A: You need to provide more detail on what you mean by "ban."
Q. How long does the deportation process usually take in the state of Michigan?
A: The answer to the question depends on a number of different things. If the person is detained by Homeland Security (ICE), then the process many times takes weeks or months, although depending on circumstances, could take a year or longer. If the person is not detained, then proceedings in Immigration Court could take years, sometimes many years.
Q. K1 visa, married, we have a child together and now he wants out
A: Did you ever apply for a green card? If you did, does your green card expire in 2 years, or in 10 years? I suggest that you consult directly with an experienced immigration attorney to go over the details of your case, and to plan a path forward. Best wishes to you!
Q. My husband left before he was forcibly removed, on his own, 5 months after receiving removal order. What is his bar?
A: The answer to your question depends on a number of factors, including the reasons why US immigration officials gave him an order of removal, his prior immigration history, and his prior encounters with police, other law enforcement officers, and courts. I suggest that you consult directly with an experienced immigration attorney to go over the complete history, and see what might be achieved in the future. Best wishes.
Q. my boyfriend has been here on a B2 almost 6 months..decided to get married..
A: The answer to your question depends on some factors that we would need to discuss with you and your boyfriend. I suggest that you consult with an experienced immigration attorney to carefully review all of the details of your situation, and to determine the best path forward. Best wishes to you.
Q. conditional marriage based green card
A: Although USCIS generally expects that married persons should be living together, it is possible to get an I-751 Petition approved while living separately. The difference between approval and denial will depend on the quality of the petition and supporting documentation. I suggest that you work with an experienced immigration attorney to avoid certain mistakes and to have the best chance of success. Best wishes to you.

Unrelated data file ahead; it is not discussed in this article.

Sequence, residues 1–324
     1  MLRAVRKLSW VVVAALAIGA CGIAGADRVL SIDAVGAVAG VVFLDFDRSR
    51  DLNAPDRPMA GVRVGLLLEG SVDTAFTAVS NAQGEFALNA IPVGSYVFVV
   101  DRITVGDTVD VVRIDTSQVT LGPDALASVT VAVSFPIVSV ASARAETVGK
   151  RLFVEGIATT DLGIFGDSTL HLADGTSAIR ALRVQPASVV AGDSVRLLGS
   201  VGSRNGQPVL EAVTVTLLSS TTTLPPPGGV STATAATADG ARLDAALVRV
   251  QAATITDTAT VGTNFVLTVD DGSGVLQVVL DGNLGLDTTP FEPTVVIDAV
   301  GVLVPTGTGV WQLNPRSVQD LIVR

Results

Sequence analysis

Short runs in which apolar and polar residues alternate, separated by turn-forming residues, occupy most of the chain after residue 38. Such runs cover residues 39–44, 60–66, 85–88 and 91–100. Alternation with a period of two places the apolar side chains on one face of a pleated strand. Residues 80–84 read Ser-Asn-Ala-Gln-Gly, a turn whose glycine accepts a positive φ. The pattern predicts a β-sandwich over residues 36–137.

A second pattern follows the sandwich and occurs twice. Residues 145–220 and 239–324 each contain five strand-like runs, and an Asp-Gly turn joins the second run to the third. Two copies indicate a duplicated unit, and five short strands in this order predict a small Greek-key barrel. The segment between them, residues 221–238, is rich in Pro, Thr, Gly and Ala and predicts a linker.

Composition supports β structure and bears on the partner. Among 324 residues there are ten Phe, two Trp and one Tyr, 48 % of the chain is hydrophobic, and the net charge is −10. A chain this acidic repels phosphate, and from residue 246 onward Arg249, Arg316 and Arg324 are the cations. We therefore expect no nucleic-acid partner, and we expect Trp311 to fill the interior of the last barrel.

Q. can i travel outside the united states and come back with a travel document without green card?
A: In order to know for sure, we would need to know some more information. On what basis did you obtain the travel document? What is your purpose for traveling at this time? What countries are you visiting? I suggest that you consult with an experienced immigration attorney before you decide to travel. Best wishes.
Q. Trick problem: I have a J-1 restriction and also overstayed my Tourist visa this year after marry. What to do?
A: We would need to review your immigration history completely to be able to give you an answer to your question. Part of the issue depends on the type of J-1 visa that you had, and the specific exchange program under which you obtained the J-1 visa. If it turns out that you are eligible for a waiver of the 212e requirement that you return to your home country for 2 years, and if you are granted the J waiver, then, the next question is whether you have any other grounds of inadmissibility. If our analysis of your situation results in a conclusion that you don't have any other grounds of inadmissibility, then it appears that you could adjust status to permanent residence in the US, without leaving, and without needing any further waivers. But again, we would need to review your history thoroughly to be able to provide you with answers. Best wishes to you.
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Contact & Map
Immigration Attorney
2340 E. Stadium Blvd.
Suite 5
Ann Arbor, MI 48104
USA
Telephone: (734) 369-3131
Fax: (734) 259-4801